I made my first visit to Belfast when I was almost 11, late in 1939. The war had just started, and Italy had joined Germany in aggression. My father was the sergeant-in-charge of the Royal Ulster Constabulary in Warren point, Co. Down and he was instructed to arrest all enemy aliens in the town and convey them for internment to Crumlin Road Jail in Belfast. The only alien we had was an Italian who ran the fish and chip shop in the Square. He had anglicised his name to Tony Malocca. My father hired a car and a driver for the great occasion, and brought me along for the ride, letting me sit up front while he sat beside Tony in the back. We drove the forty-five miles or so to Belfast and stopped at the big gate outside the jail. My father told me to sit where I was till he had completed his business with Tony. From that day to this, I have thought of Belfast as a jail surrounded by drab, cold streets. The fact that my sister May has lived congenially enough in Belfast for many years has not altered my impression of the city. I visited her a few months ago and found it as grim as it was in 1939. But my experience of it, I concede, is limited. I stayed away from Belfast during the Troubles. I know it’s thought to be a friendly place by nature and on principle. But I’m a Dublin man by avocation, though not by right of birth.
Ciaran Carson’s The Star Factory is a collection of evocations and sketches of Belfast: not a social history, but a book of snapshots. Several of its chapters describe scenes well known to me in kind but not in particular. The book consists of vignettes, reminiscences and yarns of the Belfast he has known for nearly fifty years. He was born there in 1948, the son of a Catholic postman, a man unlucky enough to be interned for seven weeks during the war as a suspected member of the IRA, mistaken for his younger brother Pat, the genuine article. Carson Senior knew Irish – I wonder when and where he learned it – and passed on the love of it to his son. In The Star Factory Carson Junior writes with appropriate intimacy and warmth of the Belfast Street Directory for 1948: the Great Northern Railway, McWatters’ Bakery, the pubs of Belfast, old photographs, Smithfield before it was destroyed by firebombs in 1974, etymologies, place-names, the old threepenny bit, Radio Ulster, cigarettes, outdoor toilets, old books, inkwells, bookworms and the Family Rosary. Like the sentence you have just read, much of The Star Factory consists of lists, sequences nearly indiscriminate, meandering from one item of information to another:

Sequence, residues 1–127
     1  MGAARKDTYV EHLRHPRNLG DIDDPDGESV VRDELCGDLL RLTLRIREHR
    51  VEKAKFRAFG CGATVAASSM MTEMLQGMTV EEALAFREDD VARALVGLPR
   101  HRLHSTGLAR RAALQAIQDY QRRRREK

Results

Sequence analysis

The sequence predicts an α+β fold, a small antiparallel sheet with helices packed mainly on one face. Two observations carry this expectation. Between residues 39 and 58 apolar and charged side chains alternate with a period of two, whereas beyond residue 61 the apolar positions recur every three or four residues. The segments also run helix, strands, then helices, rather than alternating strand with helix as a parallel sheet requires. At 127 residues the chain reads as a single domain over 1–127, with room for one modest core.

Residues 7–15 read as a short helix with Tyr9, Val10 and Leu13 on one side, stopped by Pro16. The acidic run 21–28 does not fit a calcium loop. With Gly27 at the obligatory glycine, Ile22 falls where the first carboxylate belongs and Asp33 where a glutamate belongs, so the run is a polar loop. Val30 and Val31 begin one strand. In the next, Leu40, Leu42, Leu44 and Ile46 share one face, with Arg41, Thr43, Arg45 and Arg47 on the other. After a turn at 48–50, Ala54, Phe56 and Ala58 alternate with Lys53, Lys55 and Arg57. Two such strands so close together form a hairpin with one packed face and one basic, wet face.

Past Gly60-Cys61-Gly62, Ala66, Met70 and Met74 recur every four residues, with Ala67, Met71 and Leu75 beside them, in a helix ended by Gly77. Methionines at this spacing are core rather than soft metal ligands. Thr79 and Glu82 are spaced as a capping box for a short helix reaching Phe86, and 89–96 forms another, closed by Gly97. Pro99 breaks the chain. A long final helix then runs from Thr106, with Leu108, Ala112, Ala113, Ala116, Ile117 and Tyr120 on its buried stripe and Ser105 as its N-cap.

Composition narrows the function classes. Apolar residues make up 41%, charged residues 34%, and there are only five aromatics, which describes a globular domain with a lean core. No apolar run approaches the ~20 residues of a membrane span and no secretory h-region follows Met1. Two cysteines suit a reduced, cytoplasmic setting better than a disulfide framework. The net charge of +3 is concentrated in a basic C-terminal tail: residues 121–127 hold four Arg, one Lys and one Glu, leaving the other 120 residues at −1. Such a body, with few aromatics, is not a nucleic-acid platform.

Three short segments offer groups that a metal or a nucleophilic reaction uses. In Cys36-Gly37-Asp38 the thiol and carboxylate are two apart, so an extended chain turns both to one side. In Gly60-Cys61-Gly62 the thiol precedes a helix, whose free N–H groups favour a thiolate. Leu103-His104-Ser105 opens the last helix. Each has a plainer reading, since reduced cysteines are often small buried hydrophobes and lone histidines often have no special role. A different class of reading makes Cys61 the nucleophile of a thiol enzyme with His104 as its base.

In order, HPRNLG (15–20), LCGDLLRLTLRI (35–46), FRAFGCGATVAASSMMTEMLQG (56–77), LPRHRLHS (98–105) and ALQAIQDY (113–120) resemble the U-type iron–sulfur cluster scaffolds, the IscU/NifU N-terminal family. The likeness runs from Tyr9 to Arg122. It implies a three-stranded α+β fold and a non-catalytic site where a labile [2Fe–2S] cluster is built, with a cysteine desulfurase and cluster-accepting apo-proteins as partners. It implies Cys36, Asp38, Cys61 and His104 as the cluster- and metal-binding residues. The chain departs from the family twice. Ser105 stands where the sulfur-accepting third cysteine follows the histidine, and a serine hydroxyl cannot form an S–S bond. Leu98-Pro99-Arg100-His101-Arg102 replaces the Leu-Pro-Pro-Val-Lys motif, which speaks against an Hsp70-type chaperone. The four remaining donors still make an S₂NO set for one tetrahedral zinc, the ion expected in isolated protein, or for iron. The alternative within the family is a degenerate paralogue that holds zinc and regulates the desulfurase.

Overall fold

Kelly’s is in Bank Street, formerly Bank Lane, which runs on one side of the long-since-culverted Farset, and it is a moot point as to whether ‘bank’ refers to the river, or to the Provincial Bank of Ireland on its left bank, or to the vast emporium of the Bank Buildings across the street from the Bank. Formerly again, it was known as Bryce’s Lane, then as Crooked Lane, or as The Back of the River; it connects Chapel Lane (where the original electric lighting station for Belfast was situated) with Castle Place, which borders on Royal Avenue built on the demolished Hercules Lane, commemorated by the Hercules Bar (its sign shows the eponymous hero wrestling with Hydra) on the corner of Chapel Lane and Castle Street.
Much of the material in The Star Factory, like those two Herculean sentences, will be familiar to readers of Carson’s poetry. The man with the black notebook and the ‘cracked lens fixed with Sellotape’ in the poem ‘Linear B’ from The Irish for No turns up again in the sketch ‘Library Street’, except that Sellotape has been replaced by Elastoplast. There is much lore of stamp-collecting, as in The New Estate, with as many details as anyone could want. A portentous adjective in ‘Second Language’ from First Language –
gantry-clank and rivet-ranks, Six-County hexametric
Brackets, bulkheads, girders, beams, and
stanchions; convocated and Titanic
– is explicated in The Star Factory by a sketch of the Titanic, built by Messrs Harland – Wolff at Queen’s Island, Belfast in 1911.
Carson’s method is loose association – appropriate when his theme is what he calls in Belfast Confetti ‘the haberdashery of loss’ – and one perception is asked only to lead casually to another. In ‘Barrack Street II’ he recalls smoking cigarettes with the local boys. Someone fresh from France produced a packet of Gitanes, no less, and another boy triumphed by opening a box of Rameses II, ‘distributed by Stephano Bros, Philadelphia, PA’, as Carson takes the trouble to report:
I am smoking one right now, by way of an experiment in time, as it scorches my tongue and wafts its sudden fug of burning socks and horse-dung into the kitchen where I write. Now I’ve just stubbed it out – it’s still smouldering – I remember something that I haven’t thought about or visualised for years, my father’s Vatican souvenir glass ashtray, which was a miniature of the great piazza of St Peter’s and its huge basilica.
This is followed by half a page from the Catholic Encyclopaedic Dictionary about the Vatican, and an etymological speculation on Carson’s part that the word ‘ “Vatican” ... must have something to do with vates, as defined by the OED’. And so on. Everything reminds Carson of something else. When he mentions C.P. Rang, a famous stamp-collector, he adds a footnote: ‘I still love this name: one can, of course, read it as the past tense of a verb; more interestingly “rang” is Irish for “class”, cognate, no doubt, with “rung” (as in a ladder) and “rank”.’
A choice instance of Carson’s method occurs in The Star Factory when he is describing an Irish stamp called the Gunman:
Banal, pious, badly drawn, next to worthless in monetary terms, the Gunman is not a beautiful stamp, but it fascinates me. I love the blue-black ink that seems to have a tint of bottle-green in it, so that it summons up the dull enamelled frames of Royal Ulster Constabulary bicycles armed with upright handlebars, three-speed Sturmey-Archer thumb-switch gears, stirrup brakes and faltering hub-dynamo lamps; the colour of gunpowder, broken slates or magnets; the ooze-blue clay of the Lagan at low tide; coke-smoke from the Gasworks; livid, live-lobster blue; rubber bullets, purple cobblestones, a smear of rotting blackberries; cinder-paths at dusk, when no one walks on them; the black arm-band of the temporary postal worker.